What Kind of Coffee for French Presses Is Best?

What Kind of Coffee for French Presses Is Best?

There is something so chic with using a French press. To a lot of people, going through the French press method is still the best way to go to have great tasting coffee, but sometimes, it is not only about the brewing method, but it is also about the coffee. So, what kind of coffee for French presses is best?

This might be a surprise to some people, but the brewing method should also pair well with the type of coffee grounds that you have. It does not only have something to do with technique, but it is also science. Different brewing methods employ a variety of brewing mechanisms, and surely, these mechanisms will respond well to particular kinds of coffee.

You might be already panicking, especially if you are not a coffee connoisseur, but you can relax now as we will help you brave your way through the various types of coffee grounds. We are going to discuss the basic kinds of coffee and what works best with a French press.

We are also going to give you some tips and tricks on how to make the most out of your French press even if you do not have the ideal kind of coffee. Lastly, in order to really have a deeper understanding of the French press, we will discuss why it needs a certain type of coffee bean.

Not quite getting the best coffee with your French press? Then, find out what you have been doing wrong.

Why Does a French Press Need a Specific Kind of Coffee?

Before you call a French press a diva, keep in mind that this coffee brewing method has been in existence for a long time. It is one of the classic ways of brewing coffee, so it is a given that its mechanism is pretty simple.

The main attraction of a French press is its plunger, and with it comes the attached filtration system. The plunger pushes down on the coffee beans while the filtration system makes sure that no stray grounds will travel on to the finished product.

Simple, right? However, this simplicity has its share of pros and cons. Let us start with the pros. Preparation is easy, and it depends on the grind whether you have a mild or strong coffee. Aroma is also appropriately released in this process.

On the other hand, a huge con is the fact that you do not have a hand on proper extraction. Yes, you can mix the grounds once the water is there, but other than that, you cannot do anything. You just have to let it be and pray to the heavens above that the coffee grounds will have flavor.

This is why there should be a certain kind of coffee to be used for a French press. It has a lot to do with flavor, color, and aroma. With such a simple mechanism, you have to make sure that you have set yourself up for success by using a coffee which flavor can be extracted by merely steeping it.

The Right Coffee Grind

Before we move on to what kind of coffee for French presses are ideal, let us discuss a vital part of using a French press, and that is the perfect coffee grind.

Rule of thumb is to use a coarse grind. It is the best grind for a French press because it can produce a strong flavor, but at the same time, the filtration system will not have a hard time with stray grounds. Logic dictates that if you have a slightly bigger coffee ground, it will not pass through a steel or mesh filter.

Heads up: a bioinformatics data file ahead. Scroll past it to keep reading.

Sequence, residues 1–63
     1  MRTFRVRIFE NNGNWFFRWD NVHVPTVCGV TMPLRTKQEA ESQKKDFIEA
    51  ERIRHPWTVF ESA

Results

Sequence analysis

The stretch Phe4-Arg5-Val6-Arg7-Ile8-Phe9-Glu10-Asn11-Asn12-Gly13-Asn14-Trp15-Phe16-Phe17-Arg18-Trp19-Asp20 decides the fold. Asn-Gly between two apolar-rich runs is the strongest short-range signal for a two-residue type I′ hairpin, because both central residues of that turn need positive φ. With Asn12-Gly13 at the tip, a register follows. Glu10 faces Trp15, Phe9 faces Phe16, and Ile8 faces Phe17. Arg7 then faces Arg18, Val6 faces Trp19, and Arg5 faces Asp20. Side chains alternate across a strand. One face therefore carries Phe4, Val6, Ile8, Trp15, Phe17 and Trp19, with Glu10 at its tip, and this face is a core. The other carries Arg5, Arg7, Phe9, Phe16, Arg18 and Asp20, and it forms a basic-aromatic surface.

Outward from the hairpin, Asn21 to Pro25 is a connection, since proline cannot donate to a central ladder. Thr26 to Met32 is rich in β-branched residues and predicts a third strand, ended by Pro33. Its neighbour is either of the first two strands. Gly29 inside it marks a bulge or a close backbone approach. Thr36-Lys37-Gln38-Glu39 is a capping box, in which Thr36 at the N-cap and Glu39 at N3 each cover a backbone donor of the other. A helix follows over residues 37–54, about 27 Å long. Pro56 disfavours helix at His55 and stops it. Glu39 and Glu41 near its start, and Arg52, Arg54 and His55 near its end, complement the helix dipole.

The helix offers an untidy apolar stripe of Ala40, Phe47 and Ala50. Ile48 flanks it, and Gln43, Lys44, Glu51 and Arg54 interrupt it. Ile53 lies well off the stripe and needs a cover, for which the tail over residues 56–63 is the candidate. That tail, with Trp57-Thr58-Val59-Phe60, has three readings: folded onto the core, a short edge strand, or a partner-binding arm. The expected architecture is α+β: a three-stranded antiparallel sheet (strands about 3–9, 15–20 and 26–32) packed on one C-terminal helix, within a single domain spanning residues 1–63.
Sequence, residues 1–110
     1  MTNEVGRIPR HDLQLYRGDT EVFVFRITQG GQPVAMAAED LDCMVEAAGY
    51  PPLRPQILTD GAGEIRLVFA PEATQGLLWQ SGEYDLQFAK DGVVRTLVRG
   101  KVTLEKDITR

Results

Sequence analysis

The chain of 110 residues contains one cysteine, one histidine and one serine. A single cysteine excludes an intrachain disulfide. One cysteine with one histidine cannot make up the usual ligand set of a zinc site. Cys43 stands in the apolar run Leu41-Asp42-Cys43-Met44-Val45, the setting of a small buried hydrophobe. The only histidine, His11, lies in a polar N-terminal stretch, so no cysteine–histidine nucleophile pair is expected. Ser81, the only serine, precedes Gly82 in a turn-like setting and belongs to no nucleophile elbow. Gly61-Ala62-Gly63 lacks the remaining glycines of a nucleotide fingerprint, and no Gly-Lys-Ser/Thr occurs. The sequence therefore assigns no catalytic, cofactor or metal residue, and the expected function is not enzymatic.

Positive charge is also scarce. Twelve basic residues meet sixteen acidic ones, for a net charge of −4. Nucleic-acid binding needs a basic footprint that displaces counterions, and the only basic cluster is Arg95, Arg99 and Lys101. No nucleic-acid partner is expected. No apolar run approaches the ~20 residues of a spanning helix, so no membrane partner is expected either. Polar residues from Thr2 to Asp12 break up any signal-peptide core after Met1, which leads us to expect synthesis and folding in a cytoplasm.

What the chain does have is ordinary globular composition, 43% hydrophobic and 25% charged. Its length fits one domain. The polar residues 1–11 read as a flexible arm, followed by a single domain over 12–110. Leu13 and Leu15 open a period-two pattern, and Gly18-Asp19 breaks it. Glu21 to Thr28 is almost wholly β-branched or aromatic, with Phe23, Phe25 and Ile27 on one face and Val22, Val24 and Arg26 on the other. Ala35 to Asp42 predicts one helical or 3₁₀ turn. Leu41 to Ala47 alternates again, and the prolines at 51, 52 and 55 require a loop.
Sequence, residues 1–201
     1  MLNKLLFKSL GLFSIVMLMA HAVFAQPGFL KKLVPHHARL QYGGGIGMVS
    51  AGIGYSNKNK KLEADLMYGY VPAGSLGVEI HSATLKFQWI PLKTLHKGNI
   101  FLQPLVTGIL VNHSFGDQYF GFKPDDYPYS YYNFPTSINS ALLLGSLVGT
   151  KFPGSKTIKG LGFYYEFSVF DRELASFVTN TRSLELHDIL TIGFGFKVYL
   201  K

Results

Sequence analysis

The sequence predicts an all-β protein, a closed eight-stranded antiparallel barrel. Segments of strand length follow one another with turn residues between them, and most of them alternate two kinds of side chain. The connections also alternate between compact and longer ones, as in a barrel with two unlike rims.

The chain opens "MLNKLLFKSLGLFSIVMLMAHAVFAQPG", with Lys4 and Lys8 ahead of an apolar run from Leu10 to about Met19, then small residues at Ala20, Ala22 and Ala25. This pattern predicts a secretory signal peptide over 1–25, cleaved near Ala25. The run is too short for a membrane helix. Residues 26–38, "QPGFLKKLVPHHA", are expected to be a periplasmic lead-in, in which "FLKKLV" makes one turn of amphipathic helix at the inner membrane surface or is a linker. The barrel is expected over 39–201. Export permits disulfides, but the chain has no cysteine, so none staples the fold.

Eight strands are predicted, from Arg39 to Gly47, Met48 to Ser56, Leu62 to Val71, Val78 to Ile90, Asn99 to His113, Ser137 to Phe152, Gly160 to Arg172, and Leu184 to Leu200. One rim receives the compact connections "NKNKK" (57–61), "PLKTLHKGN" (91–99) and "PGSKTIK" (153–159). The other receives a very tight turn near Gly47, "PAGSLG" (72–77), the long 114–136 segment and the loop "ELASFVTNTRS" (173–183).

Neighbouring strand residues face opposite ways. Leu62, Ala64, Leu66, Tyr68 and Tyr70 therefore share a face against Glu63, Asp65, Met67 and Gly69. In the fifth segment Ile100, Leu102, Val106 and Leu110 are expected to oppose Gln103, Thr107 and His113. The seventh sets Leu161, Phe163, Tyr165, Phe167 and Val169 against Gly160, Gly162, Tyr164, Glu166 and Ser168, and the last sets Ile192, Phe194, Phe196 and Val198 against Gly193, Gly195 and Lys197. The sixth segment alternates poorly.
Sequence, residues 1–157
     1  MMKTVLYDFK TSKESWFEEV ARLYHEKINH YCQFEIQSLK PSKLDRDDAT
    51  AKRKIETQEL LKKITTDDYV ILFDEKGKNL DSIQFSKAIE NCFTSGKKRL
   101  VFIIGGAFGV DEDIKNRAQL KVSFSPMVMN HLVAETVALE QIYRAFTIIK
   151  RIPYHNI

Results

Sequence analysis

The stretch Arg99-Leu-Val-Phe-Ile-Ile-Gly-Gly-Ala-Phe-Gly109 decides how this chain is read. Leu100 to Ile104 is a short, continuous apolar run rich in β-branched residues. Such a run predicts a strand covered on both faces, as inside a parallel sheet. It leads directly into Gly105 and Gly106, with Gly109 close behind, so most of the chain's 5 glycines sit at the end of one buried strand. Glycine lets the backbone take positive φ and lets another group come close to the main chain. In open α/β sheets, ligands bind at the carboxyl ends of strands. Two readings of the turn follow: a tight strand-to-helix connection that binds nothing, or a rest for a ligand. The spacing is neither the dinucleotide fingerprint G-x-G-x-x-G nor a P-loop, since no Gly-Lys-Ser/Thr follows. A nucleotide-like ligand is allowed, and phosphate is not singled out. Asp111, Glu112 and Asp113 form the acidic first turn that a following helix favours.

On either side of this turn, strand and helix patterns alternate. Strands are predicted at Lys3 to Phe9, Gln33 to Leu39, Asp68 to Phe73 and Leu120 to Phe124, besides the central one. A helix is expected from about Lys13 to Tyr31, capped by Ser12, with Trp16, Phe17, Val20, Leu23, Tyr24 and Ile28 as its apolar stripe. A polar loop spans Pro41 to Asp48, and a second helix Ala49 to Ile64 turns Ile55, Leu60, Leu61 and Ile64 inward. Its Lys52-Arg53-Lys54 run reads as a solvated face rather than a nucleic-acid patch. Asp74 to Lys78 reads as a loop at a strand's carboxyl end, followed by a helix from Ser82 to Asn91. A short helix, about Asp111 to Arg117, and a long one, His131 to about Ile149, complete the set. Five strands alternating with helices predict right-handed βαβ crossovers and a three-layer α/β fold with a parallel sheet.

On the other hand, some types of coffee need to be finely ground in order to properly release its flavor. Do not worry as you do not have to familiarize yourself with coffee varieties. The right grind is usually specified in the packaging of the coffee beans.

What Kind of Coffee for French Presses Should You Use

Let us now go over some of the best types of coffee for a French press.

1. Brazilian Coffee (Medium to Dark Roast)

This type of coffee bean is best for a French press because as is, it has a rich taste. Grinding it up into a coarse grind will make the flavor milder. Now imagine that steeping with water, the result is a rich but mild coffee flavor.

Some varieties of this coffee do not even need to be ground. In fact, they just have to be smashed or crushed with a knife, and this feature will not give your filters a hard time.

2. Ethiopian Coffee

This is somehow a hard coffee bean to master because there are specific grinds to follow. Nonetheless, just like what we said earlier, there are usually instructions on the labels. Moving forward, this coffee is best for French press because it has a lot of flavor notes to it.

It would make for a complex coffee taste even if you did not press it correctly. Also, this type of coffee tastes excellent by default even if you go for a medium or dark roast, making it best for steeping methods.

3. Columbian Coffee

Yes, it might be surprising to find a strong coffee bean on this list, but that factor alone makes it great for the French press. Of course, we are talking about people who like their coffee strong.

With this coffee bean, you need not steep your coffee in the French press for four whole minutes. Two minutes is enough to have an extra dark coffee. It is also best for the French press because this bean is just bursting with robust flavor, that even if you put the wrong amount of water, you will still end up with a strong cup of coffee.

Conclusion

In a nutshell, the types of coffee that are best to use when using a French press are those that are of high quality, can be ground coarsely, and has a strong flavor profile. This is the case because the brewing only employs the adding of hot water and steeping it.

As simple as it is, it is also the easiest way to brew your coffee wrong. Thus, you have to compensate with a flavorful coffee bean to make sure that you get the right flavor.

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